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Speech: Launch Of Suicide Prevention Programme



9.30am 16 JUNE 1999

Today we launch Suicide Prevention Information New Zealand or SPINZ.

It might sound strange at a launch, but I hope that one day this service will no longer be needed.

But, for now we have a serious problem amongst our young people, that we must give our determined attention to.

Suicide is second only to motor vehicle crashes as the main cause of death among young New Zealanders aged 15-24 years of age.

A total of 142 young people aged 15-24 years died by suicide in 1997

Of these young people, 29 were female and 113 were male

In 1996 143 young people died by suicide, and in 1995, suicide affected 156 young people's families and friends.

The ratio in New Zealand is four male suicides to one female suicide. This appears to be a common pattern in most countries.

There are a number of theories for this pattern.

For example, men tend to be more reluctant to seek help for emotional problems or even express their distress to friends and family.

Females, however, make more non-fatal suicide attempts.

Young Maori are particularly vulnerable. In 1997, 36 Maori youth aged 15-24 died by suicide, compared with 106 non-Maori.

While Maori make up 14 percent of New Zealand's population, 25 percent of all suicides were by young Maori.

We know the statistics. Unfortunately, solutions are far more elusive.

Suicide prevention can not be easily compartmentalised.

A lot of Government's work, aimed at improving the well-being of young people, also supports the prevention of youth suicide.

The Ministries of Youth Affairs, Health and Te Puni Kokiri have been working together to develop the New Zealand Youth Suicide Prevention Strategy and specific youth initiatives to address youth mental health problems.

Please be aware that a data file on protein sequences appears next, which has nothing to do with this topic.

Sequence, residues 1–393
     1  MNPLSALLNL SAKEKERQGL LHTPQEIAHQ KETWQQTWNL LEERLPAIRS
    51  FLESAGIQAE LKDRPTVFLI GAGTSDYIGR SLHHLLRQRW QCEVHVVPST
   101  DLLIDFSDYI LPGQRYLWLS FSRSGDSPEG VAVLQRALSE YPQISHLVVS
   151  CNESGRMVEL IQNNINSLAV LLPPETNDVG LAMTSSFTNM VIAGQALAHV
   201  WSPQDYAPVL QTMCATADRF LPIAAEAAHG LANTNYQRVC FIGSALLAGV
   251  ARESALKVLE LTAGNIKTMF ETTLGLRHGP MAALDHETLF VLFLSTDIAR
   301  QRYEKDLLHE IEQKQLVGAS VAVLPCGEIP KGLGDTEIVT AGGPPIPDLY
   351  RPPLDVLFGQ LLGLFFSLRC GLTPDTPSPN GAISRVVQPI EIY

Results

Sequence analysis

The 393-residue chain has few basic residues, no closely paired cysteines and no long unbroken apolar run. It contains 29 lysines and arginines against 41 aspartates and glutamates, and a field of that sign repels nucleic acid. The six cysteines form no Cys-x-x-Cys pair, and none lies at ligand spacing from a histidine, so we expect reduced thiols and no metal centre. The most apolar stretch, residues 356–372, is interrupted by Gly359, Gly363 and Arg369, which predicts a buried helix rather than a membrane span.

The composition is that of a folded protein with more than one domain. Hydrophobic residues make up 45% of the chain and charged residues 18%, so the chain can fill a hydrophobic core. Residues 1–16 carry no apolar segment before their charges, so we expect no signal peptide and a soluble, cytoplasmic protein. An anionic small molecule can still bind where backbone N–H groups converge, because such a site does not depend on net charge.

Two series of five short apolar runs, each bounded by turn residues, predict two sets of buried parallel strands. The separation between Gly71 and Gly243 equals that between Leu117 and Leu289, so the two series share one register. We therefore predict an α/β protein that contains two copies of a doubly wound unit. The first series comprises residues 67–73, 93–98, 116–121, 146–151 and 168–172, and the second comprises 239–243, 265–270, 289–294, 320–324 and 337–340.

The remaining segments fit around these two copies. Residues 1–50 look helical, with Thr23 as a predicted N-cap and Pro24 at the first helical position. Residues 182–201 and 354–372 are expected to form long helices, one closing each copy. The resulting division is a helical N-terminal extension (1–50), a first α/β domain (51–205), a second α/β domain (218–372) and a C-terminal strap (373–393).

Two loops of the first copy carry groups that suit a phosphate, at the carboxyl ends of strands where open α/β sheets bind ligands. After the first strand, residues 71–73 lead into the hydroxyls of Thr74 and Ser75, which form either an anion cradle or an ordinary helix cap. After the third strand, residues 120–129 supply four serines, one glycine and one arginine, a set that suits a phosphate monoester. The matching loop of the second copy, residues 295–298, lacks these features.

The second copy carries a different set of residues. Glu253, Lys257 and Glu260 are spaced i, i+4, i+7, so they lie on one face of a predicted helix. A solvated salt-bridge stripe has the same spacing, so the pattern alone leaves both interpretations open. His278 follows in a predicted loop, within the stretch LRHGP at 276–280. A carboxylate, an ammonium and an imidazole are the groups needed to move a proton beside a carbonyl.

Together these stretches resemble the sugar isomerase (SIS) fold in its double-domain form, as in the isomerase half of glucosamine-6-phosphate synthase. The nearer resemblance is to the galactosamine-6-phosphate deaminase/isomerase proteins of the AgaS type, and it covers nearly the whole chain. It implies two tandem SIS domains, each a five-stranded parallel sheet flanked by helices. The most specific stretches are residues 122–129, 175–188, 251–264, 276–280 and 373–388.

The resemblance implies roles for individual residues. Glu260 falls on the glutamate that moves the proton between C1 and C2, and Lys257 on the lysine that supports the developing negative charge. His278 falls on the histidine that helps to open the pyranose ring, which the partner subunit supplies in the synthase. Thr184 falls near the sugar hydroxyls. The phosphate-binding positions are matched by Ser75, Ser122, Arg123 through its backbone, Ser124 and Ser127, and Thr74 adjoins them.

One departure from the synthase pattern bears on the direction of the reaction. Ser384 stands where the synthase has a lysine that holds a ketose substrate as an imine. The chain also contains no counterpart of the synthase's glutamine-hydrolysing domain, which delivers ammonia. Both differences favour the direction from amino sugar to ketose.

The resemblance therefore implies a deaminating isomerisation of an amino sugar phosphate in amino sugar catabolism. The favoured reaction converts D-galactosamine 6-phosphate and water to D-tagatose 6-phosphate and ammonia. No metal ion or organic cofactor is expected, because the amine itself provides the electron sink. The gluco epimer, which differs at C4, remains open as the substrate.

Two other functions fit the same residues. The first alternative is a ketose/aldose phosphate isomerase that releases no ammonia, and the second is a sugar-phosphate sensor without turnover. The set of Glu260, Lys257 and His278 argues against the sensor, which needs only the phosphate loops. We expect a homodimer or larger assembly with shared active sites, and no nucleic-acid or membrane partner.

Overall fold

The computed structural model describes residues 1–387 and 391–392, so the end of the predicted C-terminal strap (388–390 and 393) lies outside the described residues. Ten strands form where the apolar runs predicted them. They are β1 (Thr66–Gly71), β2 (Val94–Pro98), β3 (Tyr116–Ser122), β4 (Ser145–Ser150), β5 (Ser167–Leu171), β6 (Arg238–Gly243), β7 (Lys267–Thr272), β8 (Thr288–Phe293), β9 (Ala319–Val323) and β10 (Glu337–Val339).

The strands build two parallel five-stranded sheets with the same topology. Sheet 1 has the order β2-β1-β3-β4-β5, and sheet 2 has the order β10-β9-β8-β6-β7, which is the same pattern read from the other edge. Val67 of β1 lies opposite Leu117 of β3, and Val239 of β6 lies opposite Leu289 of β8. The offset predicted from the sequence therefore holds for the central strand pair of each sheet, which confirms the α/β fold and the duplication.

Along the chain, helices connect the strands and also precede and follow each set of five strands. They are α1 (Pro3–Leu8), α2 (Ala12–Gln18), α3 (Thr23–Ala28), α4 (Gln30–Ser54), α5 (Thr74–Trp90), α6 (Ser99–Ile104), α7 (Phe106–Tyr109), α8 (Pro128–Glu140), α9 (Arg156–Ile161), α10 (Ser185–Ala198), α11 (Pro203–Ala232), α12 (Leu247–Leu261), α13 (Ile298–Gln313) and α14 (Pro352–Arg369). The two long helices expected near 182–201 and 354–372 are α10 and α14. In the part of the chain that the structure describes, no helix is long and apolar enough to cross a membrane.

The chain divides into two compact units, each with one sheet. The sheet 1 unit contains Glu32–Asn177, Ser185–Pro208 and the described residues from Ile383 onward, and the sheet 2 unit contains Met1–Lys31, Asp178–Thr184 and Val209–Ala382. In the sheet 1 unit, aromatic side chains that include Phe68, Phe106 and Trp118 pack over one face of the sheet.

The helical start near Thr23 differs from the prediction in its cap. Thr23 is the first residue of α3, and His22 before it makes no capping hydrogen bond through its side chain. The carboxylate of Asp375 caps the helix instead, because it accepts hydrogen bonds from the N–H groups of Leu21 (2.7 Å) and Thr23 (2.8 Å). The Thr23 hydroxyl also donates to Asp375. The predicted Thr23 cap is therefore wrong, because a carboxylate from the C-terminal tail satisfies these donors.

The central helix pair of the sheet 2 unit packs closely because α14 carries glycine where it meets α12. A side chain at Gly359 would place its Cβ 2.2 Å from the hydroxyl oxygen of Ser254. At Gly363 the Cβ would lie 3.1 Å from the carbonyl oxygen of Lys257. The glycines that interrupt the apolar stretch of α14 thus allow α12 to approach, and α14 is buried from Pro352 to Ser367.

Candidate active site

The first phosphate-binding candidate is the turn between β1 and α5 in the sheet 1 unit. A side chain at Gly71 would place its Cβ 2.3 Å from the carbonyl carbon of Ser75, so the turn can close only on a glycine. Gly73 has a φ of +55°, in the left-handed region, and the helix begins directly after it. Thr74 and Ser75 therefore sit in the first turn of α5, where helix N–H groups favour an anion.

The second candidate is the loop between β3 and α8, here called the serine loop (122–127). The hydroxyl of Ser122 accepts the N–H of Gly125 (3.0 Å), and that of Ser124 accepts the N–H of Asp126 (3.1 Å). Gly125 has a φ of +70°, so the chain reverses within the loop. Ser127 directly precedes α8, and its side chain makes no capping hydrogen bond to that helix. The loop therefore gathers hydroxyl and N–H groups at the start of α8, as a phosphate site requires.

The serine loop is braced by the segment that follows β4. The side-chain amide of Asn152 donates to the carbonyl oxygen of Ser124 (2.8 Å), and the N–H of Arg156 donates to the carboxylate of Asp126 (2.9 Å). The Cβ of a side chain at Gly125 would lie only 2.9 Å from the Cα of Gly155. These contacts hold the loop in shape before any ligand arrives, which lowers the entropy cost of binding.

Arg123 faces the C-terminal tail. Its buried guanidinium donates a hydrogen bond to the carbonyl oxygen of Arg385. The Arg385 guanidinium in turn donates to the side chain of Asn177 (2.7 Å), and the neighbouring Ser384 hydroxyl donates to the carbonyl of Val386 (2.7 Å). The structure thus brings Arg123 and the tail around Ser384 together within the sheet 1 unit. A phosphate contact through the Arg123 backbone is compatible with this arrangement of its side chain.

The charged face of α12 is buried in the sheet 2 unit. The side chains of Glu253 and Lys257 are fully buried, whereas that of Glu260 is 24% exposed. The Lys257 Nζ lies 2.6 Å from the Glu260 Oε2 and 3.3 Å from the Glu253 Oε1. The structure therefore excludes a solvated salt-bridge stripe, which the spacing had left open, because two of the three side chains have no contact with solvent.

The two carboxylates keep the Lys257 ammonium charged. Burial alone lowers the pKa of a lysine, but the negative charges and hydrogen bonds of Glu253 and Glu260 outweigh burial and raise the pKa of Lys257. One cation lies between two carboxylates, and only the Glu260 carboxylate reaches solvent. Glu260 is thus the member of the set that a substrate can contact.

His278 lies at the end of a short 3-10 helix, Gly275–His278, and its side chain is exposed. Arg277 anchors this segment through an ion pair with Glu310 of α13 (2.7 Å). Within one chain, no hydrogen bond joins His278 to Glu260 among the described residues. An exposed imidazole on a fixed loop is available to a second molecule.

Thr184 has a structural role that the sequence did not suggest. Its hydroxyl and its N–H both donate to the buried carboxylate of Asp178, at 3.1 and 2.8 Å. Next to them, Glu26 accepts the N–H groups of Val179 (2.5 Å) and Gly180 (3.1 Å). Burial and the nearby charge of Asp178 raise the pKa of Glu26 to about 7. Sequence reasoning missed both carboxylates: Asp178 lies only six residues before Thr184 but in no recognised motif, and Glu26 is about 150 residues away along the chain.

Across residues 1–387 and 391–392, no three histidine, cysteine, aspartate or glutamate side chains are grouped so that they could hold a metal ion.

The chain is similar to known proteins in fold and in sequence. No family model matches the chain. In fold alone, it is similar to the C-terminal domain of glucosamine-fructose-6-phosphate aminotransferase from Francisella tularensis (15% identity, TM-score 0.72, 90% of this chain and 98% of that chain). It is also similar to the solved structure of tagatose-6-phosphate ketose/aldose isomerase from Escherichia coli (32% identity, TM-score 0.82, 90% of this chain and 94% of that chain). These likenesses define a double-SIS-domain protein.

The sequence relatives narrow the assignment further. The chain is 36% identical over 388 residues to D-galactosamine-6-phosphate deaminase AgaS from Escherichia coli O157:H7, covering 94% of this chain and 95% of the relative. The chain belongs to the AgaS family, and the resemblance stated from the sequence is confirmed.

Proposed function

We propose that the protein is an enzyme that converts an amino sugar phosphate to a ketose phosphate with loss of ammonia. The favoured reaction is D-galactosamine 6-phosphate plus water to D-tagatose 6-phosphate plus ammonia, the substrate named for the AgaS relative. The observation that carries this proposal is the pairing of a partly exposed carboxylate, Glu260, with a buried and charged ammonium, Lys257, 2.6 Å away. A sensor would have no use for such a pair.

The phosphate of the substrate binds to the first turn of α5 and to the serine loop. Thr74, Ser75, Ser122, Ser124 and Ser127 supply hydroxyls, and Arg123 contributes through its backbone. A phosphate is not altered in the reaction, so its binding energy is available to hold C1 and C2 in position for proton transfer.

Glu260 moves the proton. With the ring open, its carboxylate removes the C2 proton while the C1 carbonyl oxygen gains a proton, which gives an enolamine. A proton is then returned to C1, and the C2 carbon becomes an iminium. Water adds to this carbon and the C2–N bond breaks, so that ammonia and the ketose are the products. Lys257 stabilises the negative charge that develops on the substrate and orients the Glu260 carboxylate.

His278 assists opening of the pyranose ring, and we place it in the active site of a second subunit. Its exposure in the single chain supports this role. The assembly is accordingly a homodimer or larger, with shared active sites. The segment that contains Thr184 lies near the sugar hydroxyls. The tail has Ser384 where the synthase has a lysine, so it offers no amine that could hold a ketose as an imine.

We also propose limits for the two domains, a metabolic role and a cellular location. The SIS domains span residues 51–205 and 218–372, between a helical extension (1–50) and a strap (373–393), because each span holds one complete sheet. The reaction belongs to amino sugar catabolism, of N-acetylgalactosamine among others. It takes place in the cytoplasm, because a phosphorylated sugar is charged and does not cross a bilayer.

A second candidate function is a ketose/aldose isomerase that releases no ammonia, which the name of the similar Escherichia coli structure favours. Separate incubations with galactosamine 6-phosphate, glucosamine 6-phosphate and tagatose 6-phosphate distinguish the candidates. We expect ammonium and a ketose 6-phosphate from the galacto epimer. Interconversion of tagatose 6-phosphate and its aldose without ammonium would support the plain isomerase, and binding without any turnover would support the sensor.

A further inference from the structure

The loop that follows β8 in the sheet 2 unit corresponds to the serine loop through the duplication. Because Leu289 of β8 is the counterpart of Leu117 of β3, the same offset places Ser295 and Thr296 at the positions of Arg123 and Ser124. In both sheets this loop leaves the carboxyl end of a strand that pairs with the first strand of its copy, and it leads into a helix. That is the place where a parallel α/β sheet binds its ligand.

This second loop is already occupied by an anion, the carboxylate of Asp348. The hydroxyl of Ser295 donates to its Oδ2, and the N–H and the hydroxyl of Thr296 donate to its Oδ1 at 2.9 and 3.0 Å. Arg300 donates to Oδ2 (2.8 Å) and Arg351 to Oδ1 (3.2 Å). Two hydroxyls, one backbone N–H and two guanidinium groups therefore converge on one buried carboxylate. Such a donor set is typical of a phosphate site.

The National strategy draws together and coordinates the wide range of initiatives already in place. It also recommends new work to be done.

SPINZ, which we are launching today, is a direct outcome of the National Strategy.

We know that suicide raises many questions from many perspectives.

What could I have done?
Who else is working in this area?
Why is this happening in our community and country?
What are they doing in other countries?
Where can I go for help?

These questions require answers and answers require information.

Unfortunately, in this area there aren't easy and straightforward answers.

But there is a lot of information that can help us understand suicide better and move towards solutions.

This information must be widely available. We must also be confident that it is sound and well informed.

It was from this need for information that SPINZ grew.

The service has been developed by Youth Affairs with support from the Ministry of Health and Te Puni Kokiri.

It will provide a wide range of information relating to mental health issues, with a particular focus on young people, and the prevention of youth suicide.

Many of those present will have directly or indirectly contributed to the development of SPINZ.

I thank you for your efforts.

I would particularly like to thank the various NGO groups who have provided support to Youth Affairs during the development process.

It is important to recognise that SPINZ may not meet everyone's needs.

It will need time to develop and make crucial links with key organisations both in New Zealand and internationally.

But I am confident that the service will give most New Zealanders access to key information.

It will build peoples' knowledge about mental health issues and help link them to other people also working in this area.

SPINZ will be delivered by the Mental Health Foundation in collaboration with The Centre For Youth Health (part of South Auckland Health Services).

As many of you will be aware, the Mental Health Foundation already has an established record for the provision of information and resources, including those specifically targeted at young people.

SPINZ will draw on the specialist skills of the staff in both the Mental Health Foundation and the Centre for Youth Health to support its work.

Over the next few weeks the Mental Health Foundation will begin talking to a number of agencies about the development of an Advisory Board to work with them on this project.

I congratulate the Mental Health Foundation for securing the contract to provide this service and wish you and your colleagues at the Centre for Youth Health well in its development.

I know Youth Affairs will be working closely with you as the service gets underway.

I am pleased to be able to announce Suicide Prevention Information New Zealand establishment.


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